The email also advised students choosing to travel to countries with a Level 3 Travel Health Notice to not return to campus in any capacity and perform a 14-day self quarantine upon returning.

Most recently, Robert Mokwa, Provost and Executive Vice President of Academic Affairs, emailed students about a change to the protocols regarding class absences starting Monday, March 23. In the email Mokwa states that: 

“Students are encouraged to stay at home if they are sick, and most especially if they think they may have an infectious disease. Students who need to miss a class, or series of classes, due to illness or 14-day quarantine are responsible for emailing their course instructor, to let them know of the need, as soon as possible. There is NO need for a medical excuse to be provided, at least initially. MSU University Health Partners will continue their policy of NOT providing students with medical excuse documentation as part of their commitment to maintain patient confidentiality.”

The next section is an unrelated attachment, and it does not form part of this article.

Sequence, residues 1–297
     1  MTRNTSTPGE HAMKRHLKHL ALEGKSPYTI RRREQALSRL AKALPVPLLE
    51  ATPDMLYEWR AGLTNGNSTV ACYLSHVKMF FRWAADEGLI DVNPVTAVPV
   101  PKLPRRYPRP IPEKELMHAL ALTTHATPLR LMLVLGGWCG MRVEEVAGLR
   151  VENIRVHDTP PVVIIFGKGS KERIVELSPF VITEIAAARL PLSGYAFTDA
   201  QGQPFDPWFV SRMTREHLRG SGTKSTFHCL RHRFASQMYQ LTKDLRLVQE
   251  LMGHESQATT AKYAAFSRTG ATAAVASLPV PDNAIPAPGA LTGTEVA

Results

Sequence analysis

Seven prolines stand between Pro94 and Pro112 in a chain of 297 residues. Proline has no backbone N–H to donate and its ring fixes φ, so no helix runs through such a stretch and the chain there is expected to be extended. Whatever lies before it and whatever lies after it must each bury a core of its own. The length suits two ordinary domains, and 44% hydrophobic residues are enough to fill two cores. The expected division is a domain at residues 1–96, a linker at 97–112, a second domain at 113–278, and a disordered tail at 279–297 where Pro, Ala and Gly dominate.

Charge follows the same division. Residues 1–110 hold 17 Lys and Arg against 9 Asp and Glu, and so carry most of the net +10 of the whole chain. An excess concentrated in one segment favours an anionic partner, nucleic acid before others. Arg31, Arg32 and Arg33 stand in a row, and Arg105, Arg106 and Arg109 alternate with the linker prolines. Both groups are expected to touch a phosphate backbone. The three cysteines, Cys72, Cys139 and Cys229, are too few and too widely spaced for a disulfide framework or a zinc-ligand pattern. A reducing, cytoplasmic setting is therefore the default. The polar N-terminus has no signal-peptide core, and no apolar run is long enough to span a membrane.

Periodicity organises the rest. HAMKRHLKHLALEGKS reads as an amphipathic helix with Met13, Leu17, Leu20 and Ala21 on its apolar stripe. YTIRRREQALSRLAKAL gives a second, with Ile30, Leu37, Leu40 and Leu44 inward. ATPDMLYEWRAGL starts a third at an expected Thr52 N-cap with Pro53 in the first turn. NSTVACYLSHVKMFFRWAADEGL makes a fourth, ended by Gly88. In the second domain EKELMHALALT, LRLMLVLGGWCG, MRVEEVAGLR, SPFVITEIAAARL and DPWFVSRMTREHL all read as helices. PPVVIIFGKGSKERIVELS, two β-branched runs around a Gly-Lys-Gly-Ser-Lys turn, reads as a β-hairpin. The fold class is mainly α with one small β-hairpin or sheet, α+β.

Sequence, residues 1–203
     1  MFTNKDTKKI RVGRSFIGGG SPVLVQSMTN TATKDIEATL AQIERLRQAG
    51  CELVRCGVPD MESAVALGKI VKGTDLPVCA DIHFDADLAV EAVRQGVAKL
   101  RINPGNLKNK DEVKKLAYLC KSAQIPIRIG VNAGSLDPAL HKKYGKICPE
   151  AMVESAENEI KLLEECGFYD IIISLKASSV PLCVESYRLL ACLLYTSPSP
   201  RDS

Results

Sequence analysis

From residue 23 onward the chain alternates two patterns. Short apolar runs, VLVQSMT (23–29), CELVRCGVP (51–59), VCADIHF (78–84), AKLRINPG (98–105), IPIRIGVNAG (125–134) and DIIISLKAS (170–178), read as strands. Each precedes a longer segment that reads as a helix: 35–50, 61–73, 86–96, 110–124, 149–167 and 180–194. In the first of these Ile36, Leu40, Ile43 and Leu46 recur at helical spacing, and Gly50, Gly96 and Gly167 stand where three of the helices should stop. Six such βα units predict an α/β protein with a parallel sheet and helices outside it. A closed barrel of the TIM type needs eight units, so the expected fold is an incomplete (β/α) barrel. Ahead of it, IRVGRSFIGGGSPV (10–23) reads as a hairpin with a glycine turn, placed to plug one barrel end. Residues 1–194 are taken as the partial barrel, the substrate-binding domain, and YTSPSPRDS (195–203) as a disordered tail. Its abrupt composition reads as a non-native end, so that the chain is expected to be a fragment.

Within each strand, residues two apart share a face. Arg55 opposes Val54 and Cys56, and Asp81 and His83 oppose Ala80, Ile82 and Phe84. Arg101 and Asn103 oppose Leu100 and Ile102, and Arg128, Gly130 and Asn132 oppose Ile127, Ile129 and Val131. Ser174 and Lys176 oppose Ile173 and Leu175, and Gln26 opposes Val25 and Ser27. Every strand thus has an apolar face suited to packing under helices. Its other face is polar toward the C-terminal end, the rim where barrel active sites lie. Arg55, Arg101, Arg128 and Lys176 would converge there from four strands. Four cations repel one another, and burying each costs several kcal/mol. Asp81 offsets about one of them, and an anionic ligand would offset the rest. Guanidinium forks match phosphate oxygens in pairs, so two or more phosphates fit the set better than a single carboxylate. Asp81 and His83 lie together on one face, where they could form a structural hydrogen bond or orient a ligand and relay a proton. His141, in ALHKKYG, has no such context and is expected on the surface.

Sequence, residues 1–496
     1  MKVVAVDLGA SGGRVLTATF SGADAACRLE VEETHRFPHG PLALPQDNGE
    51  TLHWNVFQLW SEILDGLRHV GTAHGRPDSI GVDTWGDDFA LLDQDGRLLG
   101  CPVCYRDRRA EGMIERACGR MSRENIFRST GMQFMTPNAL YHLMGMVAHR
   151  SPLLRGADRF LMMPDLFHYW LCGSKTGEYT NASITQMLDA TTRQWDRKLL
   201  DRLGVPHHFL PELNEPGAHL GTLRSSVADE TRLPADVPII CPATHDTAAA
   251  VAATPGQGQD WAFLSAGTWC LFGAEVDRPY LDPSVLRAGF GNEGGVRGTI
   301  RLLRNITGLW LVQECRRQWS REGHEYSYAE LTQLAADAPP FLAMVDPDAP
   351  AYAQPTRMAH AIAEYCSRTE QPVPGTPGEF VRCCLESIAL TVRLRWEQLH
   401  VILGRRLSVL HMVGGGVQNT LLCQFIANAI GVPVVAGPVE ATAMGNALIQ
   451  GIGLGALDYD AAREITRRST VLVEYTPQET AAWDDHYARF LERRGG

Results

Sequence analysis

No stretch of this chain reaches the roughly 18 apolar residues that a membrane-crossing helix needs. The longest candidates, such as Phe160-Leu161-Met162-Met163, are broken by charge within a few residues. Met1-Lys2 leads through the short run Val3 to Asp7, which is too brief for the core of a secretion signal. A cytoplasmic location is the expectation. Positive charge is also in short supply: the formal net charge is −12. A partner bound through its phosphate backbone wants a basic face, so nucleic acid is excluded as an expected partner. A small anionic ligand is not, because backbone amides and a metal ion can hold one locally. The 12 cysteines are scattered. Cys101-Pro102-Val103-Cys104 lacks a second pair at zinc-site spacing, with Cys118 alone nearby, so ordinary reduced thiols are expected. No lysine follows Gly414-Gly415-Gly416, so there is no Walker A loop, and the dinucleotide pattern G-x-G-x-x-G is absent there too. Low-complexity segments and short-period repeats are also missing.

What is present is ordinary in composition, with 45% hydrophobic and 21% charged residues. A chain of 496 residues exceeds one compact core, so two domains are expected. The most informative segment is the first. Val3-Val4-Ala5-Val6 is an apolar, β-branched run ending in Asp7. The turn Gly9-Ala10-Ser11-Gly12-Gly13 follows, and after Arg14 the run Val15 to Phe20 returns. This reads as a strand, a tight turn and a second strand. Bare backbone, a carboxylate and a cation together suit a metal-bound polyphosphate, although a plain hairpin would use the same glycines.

The email continues to state the responsibilities that students have to communicate these absences with their instructors and complete all assignments and tests on time. Mokwa cites that these modifications are being made to better align MSU’s guidelines with those provided by the CDC on how to limit the spread of infectious diseases. The email also encourages faculty to provide online course lectures and resources for students who are unable to make it to class.